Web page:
film

Review: Jojo Rabbit

*Warning! There will be some light spoilers in this review! If you want to remain completely in the dark then I caution you not to read further- though I do recommend the film on it’s merits.*

Written and directed by Taika Waititi, “Jojo Rabbit” is a dark comedy satire about an overzealous ten year old boy growing up in 1940’s Germany. This wartime comedy performs a balancing act so perfectly poised to elicit boisterous good cheer alongside a dark and grim real world sadness that you’d think Taika Waititi was a genius or a madman for taking on such a ridiculous, yet potent, concept. Waititi has, once again, proven he has a knack for finding excellent child actors and helping to coax memorable and competent performances out of them. Both Roman Griffin Davis as the titular Jojo, and Thomasin McKenzie as Elsa, showcase excellent skill as young actors and it’ll be very interesting to see what they do after this. Jojo is a normal ten year old boy, easily excitable and incredibly impressionable, he even has his own imaginary friend- but his is Adolf Hitler as a young boy might imagine him, played with cartoonish sensibilities by Taika Waititi himself. Though, occasionally, the depicted authority figure can get eerily close to the hatred fueled real life version. He lives with his mother, Rosie (Scarlett Johansson) and he goes to a Hitler youth camp alongside a friend in Yorki (Archie Yates) as they get groomed for war by playing with knives and grenades. After an incident at the camp Jojo returns home to discover a new reality that he must face. His mother has hidden a Jew (Thomasin McKenzie) in the crawlspace of their walls.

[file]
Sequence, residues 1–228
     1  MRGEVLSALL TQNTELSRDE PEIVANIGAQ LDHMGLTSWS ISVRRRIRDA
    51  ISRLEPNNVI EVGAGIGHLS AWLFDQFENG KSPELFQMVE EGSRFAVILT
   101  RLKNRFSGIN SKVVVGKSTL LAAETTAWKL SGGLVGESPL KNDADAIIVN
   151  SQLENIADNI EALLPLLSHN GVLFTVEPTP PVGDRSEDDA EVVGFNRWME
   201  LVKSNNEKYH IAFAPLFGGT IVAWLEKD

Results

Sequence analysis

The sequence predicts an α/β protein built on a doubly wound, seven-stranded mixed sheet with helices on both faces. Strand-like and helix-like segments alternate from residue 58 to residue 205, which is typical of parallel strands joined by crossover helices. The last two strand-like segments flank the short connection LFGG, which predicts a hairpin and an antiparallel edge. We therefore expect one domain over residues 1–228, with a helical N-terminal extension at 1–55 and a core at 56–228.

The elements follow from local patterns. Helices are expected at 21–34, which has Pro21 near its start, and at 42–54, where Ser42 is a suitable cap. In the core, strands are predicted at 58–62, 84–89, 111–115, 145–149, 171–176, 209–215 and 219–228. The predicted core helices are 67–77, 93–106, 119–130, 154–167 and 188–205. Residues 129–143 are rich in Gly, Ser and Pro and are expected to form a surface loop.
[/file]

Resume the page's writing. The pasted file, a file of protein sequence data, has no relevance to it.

The crux of the film’s story rests on this conflict for Jojo, what will he do when confronted by a real person that he’s been taught to hate his entire life? As we’ve seen Jojo interact with those around him and the world at large for several scenes by this point, we’ve been with him and seen that he’s just a normal boy as Elsa puts it, “Who wants to wear a costume and be part of a club“. In fact, the movie’s title refers to his limited time at the Hitler youth camp in which he’s tasked to kill a small rabbit. Jojo can’t commit to the deed and is mocked for his inability to kill, “Jojo, the rabbit“. After Elsa and Jojo come to the agreement that they both need each other to keep their awareness of each other secret, Jojo begins to question Elsa about the Jews. Initially this is to make an account of “How to spot a Jew” and Elsa indulges him with heaps of sarcasm and jabs at Nazis in general, “We’re just like you, but human“. However the two slowly begin to come to an understanding as Jojo begins to question the nature of his authority figures. This relationship between one of blind fanaticism, Jojo, and of persecuted minority, Elsa, is at the core of the movie’s message. Namely, that personal relationships can prove the humanity between opposing factions, cutting through the power of propaganda and adult manipulation to see the truth. Oh, and to endlessly mock those who would hate others on the basis of ethnicity.